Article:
Gap Semester students complete outdoor leadership program
Fifteen freshmen are now traveling to South Dakota to do service work as part of the innovative first-year experience.
Freshmen in Elon University’s inaugural Gap Semester Program have completed the first segment of their studies at the National Outdoor Leadership School in Wyoming.
Students spent three weeks in the Absaroka Mountain range where they earned four semester hours of credit in environmental ethics and leadership. Additionally, as part of the leadership curriculum, students were challenged to thrive in the wilderness as teams and develop in areas such as:
Self awareness: Acknowledge personal skills and abilities, seek peer feedback, function without need for reassurance, and critique past experiences, among other goals.
Team dynamics: These include establishing healthy relationships, managing interpersonal conflicts effectively and seeking help from others when needed.
Leadership: Demonstrate skills in guiding and assisting a group, exhibit democratic principles as a leader or group member, and communicate a vision, mission, or purpose that encourages commitment and action in others
“I am so glad I am here. I wouldn’t want to be anywhere else,” said Elon freshman Corey Shegda. “I am excited to share more days out in the wilderness with such great people. I am learning numerous qualities from leadership skills to outdoor ethics and I can honestly say I feel I am growing as a person.”
Elon and NOLS partnered to create a unique trek for the GAP program that integrated the two curricula. NOLS facilitators and Elon Gap Coordinator Steve Morrison traveled with the students as they hiked 80 plus miles.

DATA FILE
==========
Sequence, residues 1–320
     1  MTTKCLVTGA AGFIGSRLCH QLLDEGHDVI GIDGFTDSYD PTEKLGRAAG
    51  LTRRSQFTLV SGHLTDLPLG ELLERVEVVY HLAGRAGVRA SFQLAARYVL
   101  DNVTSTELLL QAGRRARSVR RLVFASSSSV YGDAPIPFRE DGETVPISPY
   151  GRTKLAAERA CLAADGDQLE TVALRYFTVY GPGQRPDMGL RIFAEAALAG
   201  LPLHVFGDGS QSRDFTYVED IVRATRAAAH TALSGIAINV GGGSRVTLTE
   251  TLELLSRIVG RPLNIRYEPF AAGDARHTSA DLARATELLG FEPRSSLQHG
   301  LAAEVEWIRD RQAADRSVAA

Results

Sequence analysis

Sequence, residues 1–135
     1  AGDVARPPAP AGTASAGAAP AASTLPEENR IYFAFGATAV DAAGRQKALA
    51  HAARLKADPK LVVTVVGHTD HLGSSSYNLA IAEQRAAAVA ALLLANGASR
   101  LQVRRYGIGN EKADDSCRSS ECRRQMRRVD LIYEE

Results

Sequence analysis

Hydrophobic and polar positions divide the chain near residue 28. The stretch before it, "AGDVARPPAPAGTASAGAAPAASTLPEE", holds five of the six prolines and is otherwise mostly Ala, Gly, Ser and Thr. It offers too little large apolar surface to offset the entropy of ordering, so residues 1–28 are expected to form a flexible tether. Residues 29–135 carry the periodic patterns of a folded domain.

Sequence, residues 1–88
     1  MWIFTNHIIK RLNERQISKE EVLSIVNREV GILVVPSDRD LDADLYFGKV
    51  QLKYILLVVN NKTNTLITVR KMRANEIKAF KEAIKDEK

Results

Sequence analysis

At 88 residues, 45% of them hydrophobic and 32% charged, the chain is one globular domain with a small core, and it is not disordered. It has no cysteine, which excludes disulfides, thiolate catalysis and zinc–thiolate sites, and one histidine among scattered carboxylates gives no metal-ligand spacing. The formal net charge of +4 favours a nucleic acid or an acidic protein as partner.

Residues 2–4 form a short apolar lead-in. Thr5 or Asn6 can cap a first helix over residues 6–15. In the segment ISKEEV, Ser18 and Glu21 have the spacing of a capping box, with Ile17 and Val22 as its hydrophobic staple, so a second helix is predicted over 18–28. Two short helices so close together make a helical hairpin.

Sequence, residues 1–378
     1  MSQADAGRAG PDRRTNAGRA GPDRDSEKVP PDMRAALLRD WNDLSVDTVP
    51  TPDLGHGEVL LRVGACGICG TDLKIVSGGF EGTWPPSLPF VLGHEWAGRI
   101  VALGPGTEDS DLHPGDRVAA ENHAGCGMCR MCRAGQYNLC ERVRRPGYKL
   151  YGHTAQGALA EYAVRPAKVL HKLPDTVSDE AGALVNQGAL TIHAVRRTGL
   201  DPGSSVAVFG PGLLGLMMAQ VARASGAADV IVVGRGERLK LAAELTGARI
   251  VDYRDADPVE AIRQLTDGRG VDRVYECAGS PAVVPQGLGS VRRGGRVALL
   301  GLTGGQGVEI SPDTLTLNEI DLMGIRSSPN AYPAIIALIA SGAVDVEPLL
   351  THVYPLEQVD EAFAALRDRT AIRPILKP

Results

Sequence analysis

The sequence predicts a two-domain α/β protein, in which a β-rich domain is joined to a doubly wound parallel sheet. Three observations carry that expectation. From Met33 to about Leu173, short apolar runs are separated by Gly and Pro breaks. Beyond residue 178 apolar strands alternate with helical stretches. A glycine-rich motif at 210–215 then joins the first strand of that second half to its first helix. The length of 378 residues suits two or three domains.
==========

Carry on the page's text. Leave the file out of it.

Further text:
Rex Waters, associate dean of students, traveled to NOLS to greet the team and join them for the first service week. “It quickly became clear that while these were the same students I had met three weeks earlier, they had definitely changed,” Waters said. “The group had progressed and they functioned quite well. Their successful completion of the trek had created a definite bond and a sense of confidence individually and collectively was evident. I enjoyed observing the relationships that were developing and the ease with which the group moved, made decisions and supported each other.
Students said that group developed a sense of unity during their outdoor leadership experiences. “The fifteen of us definitely evolved from a group to a team,” said Elon freshman Dan Zangmeister.
Meredith Smith, associate director of admissions, visited with the students when they arrived back in Lander.
“Seeing the students at the end of the NOLS experience was truly inspiring,” Smith said. “It was amazing to see how much these students had learned, and had changed their own lives, in a matter of weeks with each other.
“It just goes to show how something so different, and unique, can truly impact someone’s life and their future. It was definitely a proud moment for me to be standing there with the students that I had been interviewing over the phone just a few months prior.”